Althea Jacqueline Roberts from Zimbabwe first applied for asylum in South Africa in 2009. Although her papers have been continuously renewed, in all these years she has never been given permission to remain in the country for longer than eight months; mostly she gets three month renewals. On 1 November, she was given only one month.
She has had 21 extensions. Each time she has to go in person to the Home Affairs office on the Foreshore, Cape Town, sometimes queuing for most of the day.
She said it took her five weeks to renew her papers last year. Home Affairs officials said something was wrong with the computer. She lost a lot of time and money continuously returning to check if the computers were back up again.
Her current asylum document states: “To be booked for appeal hearing”. She has been waiting for the appeal hearing for five years.
Roberts, who is 48, grew up in Bulawayo. She says she ran away from an abusive husband. “He broke my ribs. He also ran me over with a car and threatened me to never tell a soul. The police refused to open a case and embarrassed me. If I had hid in other cities, he would have found me easily. That it’s why I escaped with my three children.”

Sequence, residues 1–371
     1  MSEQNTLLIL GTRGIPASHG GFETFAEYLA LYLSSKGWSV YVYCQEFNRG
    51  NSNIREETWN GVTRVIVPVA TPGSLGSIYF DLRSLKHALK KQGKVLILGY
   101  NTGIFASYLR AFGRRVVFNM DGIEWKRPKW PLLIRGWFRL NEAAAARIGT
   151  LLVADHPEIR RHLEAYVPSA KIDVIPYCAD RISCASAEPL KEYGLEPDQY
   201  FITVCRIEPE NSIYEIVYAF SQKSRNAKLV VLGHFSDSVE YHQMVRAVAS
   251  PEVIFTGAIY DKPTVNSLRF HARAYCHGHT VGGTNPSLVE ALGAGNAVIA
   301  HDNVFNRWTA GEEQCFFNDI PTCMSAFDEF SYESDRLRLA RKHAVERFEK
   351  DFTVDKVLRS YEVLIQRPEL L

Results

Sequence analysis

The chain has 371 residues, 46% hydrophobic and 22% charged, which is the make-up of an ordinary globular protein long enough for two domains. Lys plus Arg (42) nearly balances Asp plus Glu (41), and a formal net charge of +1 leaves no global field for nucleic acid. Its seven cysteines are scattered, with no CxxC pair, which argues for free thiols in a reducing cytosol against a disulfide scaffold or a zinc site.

Her children all live in South Africa. They are 20, 29 and 30 years of age.
She told GroundUp about many problems her temporary papers have caused. Eight months after Roberts opened a bank account with FNB, it was closed. She lost her residential lease in Mowbray and ended up in a shelter. She now lives in a room she shares with a Tanzanian woman in Joe Slovo.
“In Sea Point they laid me off. I had a lovely office job – great salary, medical aid and allowances … After I lost my last job, I used all the savings and ended up in a shelter again. It’s a horrible pattern, being in and out of a job because the [asylum documentation] is unstable. Employers want a valid document.”
To make a living, she does any work she can – cleaning toilets, doing laundry for other residents. She is sometimes paid only R50 a day.
Her youngest child was studying Public Relations and Management at Cape Peninsula University of Technology. She says she owes the university about R25,000.
Anthony Muteti of Voice of Africans for Change said, “There is no justification for such inefficiency. The fact that she has had to wait for about ten years means such an administrative indecision is neither fair nor procedurally correct. This has adversely affected her livelihoods and security as well.”
Home Affairs spokesperson David Hlabane said Home Affairs apologises profusely to Roberts. The department is still waiting for feedback from the appeal board, he said.
© 2017 GroundUp.
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